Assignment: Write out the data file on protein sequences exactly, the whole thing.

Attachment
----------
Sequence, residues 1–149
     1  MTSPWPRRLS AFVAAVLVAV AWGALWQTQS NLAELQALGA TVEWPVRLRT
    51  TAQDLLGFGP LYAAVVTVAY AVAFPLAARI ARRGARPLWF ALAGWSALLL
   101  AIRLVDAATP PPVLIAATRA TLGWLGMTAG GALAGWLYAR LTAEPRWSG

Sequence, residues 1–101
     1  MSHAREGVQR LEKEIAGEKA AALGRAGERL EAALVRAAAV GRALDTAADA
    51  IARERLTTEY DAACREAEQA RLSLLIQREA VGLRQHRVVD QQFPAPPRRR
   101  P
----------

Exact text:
Sequence, residues 1–149
     1  MTSPWPRRLS AFVAAVLVAV AWGALWQTQS NLAELQALGA TVEWPVRLRT
    51  TAQDLLGFGP LYAAVVTVAY AVAFPLAARI ARRGARPLWF ALAGWSALLL
   101  AIRLVDAATP PPVLIAATRA TLGWLGMTAG GALAGWLYAR LTAEPRWSG

Sequence, residues 1–101
     1  MSHAREGVQR LEKEIAGEKA AALGRAGERL EAALVRAAAV GRALDTAADA
    51  IARERLTTEY DAACREAEQA RLSLLIQREA VGLRQHRVVD QQFPAPPRRR
   101  P